Focus on Device Family Brands
The other trend I am noticing, which is also a positive sign, is that HTC and Samsung for example are focusing more on family lines of devices. Peter Chou of HTC during their press conference announced that HTC intends to streamline their roadmap and focus HTC innovations. HTC kicked this off by releasing a new family line of devices called the One “series.” Their flagship product is the HTC One X which sports the latest Tegra 3 chipset from NVIDIA.

Samsung also is heading this direction with the Galaxy S series, Tab family and now with the Galaxy Note. Motorola also hopefully continues this direction with the Razr family. And Nokia as well with their Lumia line of devices. This direction is needed within the industry in order to stop the absurd device naming syndrome that has plagued many OEMs. When you have dozens of devices in channel all with different names and marketing material blitzing consumers with dozens of device names etc, the landscape can look incredibly confusing.

By focusing on a family line of devices, OEMs can differentiation and then position those differentiating features within a family line of devices for their appropriate target audience.

All in all, I am seeing some positive trends coming out of MWC 2012 that encourages me about the state of healthy competition within the mobile smart devices landscape.

You Can Never Have Enough Tablets

One of the things my firm focuses on is spotting trends within the technology industry. As a part of our constant search for trends we employ a concept we call “live the future now.” What this means, is that we as trend analysts, ourselves being early adopters, attempt to look for and implement things into our own work, play, family, life, etc, that we believe consumers may use technology for in the future. We also hunt out and study other people or groups of people, mostly early adopters, who are also using technology today the way we believe the masses will in the future.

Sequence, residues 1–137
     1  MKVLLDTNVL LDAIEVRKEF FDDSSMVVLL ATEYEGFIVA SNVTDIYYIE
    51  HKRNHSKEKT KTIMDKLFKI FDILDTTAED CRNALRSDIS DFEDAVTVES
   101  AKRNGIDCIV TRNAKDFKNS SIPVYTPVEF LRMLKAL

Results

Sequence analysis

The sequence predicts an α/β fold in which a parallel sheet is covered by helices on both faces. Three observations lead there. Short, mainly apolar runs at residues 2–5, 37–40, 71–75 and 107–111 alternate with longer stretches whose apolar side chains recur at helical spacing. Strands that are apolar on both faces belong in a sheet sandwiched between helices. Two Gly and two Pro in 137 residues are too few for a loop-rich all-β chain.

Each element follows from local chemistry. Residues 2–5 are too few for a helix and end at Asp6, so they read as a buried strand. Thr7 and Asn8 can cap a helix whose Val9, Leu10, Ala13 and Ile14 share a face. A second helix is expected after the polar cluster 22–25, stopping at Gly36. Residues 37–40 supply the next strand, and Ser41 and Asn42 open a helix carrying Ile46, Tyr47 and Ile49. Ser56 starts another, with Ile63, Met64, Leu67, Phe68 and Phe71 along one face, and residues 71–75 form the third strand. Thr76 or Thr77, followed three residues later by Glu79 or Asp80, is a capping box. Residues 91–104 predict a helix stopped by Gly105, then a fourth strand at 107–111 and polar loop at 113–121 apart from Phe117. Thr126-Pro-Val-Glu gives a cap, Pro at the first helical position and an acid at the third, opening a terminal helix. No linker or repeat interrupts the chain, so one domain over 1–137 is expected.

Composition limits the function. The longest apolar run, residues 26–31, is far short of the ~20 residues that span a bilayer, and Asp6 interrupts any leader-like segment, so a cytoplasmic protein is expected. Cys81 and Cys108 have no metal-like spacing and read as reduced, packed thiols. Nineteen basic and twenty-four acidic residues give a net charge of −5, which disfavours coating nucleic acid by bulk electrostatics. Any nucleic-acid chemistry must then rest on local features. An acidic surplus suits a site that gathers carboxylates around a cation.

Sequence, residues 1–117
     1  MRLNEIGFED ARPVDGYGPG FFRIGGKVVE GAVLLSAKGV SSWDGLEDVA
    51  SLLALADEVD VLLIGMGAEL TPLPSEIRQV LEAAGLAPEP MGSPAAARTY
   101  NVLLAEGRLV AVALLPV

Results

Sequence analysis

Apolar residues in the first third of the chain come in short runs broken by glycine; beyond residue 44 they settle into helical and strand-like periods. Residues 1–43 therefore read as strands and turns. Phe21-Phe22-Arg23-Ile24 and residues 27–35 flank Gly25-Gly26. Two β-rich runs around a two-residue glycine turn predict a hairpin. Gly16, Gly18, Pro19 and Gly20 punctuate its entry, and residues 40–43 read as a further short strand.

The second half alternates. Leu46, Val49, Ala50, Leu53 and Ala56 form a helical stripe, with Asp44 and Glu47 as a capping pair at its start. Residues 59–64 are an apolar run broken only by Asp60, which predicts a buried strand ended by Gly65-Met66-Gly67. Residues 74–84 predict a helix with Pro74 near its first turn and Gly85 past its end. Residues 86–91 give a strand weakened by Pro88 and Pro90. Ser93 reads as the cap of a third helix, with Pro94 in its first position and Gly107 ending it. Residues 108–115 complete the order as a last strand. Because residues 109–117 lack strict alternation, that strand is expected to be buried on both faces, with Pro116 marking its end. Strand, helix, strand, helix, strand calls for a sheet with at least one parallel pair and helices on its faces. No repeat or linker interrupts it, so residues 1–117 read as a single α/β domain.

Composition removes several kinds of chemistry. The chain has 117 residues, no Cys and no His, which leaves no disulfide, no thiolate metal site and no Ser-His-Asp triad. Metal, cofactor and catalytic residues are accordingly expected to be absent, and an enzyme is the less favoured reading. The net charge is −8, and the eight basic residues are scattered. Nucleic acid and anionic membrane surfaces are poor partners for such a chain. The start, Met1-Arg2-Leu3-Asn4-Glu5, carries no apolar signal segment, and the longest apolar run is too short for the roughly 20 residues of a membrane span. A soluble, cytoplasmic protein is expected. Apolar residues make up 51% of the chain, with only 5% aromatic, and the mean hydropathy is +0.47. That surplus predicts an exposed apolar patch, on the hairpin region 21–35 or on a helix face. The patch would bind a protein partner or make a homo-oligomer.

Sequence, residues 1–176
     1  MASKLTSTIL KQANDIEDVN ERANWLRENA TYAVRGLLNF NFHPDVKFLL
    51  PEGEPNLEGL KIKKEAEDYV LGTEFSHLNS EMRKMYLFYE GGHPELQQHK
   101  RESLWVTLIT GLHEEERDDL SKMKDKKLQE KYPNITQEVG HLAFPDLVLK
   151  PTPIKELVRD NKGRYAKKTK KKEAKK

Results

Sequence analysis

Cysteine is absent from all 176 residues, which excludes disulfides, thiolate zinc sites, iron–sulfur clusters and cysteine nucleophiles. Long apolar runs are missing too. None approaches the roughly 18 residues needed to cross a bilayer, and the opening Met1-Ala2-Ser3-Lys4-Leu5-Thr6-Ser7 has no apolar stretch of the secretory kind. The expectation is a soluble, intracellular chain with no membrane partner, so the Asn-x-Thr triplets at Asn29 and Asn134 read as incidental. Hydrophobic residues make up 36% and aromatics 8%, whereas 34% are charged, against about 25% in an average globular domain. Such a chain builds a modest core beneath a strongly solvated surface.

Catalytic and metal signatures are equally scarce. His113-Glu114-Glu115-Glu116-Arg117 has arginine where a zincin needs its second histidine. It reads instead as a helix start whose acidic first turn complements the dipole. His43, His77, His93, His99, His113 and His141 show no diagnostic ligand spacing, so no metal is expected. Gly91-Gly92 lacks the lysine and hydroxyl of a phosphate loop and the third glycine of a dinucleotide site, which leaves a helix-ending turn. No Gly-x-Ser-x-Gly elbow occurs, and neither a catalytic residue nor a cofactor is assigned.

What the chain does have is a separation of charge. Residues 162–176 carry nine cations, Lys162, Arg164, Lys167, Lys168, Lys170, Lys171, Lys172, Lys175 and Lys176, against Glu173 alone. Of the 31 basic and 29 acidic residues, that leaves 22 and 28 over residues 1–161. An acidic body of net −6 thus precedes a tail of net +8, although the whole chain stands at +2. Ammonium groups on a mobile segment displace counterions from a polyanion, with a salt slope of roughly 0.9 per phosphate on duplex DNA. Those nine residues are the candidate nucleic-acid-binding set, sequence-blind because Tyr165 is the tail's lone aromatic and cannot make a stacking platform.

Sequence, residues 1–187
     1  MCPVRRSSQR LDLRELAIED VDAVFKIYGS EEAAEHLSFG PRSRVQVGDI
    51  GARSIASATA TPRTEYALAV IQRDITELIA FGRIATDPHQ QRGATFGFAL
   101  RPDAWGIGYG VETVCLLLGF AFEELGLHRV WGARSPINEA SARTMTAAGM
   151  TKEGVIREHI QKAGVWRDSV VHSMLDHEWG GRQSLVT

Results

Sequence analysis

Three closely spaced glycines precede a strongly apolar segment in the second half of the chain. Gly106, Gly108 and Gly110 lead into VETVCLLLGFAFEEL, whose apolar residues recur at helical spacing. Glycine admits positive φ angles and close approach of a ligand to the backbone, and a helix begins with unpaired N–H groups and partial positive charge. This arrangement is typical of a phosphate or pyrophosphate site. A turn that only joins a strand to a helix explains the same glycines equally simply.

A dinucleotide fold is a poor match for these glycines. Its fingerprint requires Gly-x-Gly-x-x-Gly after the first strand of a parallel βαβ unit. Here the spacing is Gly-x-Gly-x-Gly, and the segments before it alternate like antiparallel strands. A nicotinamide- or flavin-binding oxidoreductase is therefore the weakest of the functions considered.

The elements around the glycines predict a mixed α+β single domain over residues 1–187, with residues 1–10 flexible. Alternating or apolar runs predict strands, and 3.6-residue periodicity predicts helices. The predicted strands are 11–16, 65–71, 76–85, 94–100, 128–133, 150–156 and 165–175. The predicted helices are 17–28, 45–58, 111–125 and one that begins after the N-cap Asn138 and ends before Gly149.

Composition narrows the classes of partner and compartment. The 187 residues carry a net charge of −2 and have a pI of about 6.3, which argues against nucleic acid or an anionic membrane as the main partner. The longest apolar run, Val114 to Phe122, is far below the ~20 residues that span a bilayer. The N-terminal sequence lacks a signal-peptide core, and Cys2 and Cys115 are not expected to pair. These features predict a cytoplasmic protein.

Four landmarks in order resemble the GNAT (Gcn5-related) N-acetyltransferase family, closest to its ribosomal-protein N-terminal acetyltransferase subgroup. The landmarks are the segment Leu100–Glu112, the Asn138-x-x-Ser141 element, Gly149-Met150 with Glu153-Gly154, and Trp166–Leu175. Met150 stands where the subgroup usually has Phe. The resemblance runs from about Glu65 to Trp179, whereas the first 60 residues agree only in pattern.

So this column is going to be more about the future than the present.
Because I live and breathe this industry I also acquire quite a lot of technological gadgets as a part of this process. For the past six month’s I have been utilizing in different capacities no less than five and upwards of eight tablets at any given time all throughout my house. Not all my tablets are running the same core OS as some are iPads, some run Android and one runs Web OS. This helps me evaluate the strengths and weaknesses of a range of tablet operating systems and device features. Regardless of the OS I basically keep a tablet in every room of my house, except the bathroom, at all times. In basically every room where we spend significant time you will find a tablet of some shape or form. Living with a tablet in every room of my house is a fascinating experience. It is also a very convenient experience.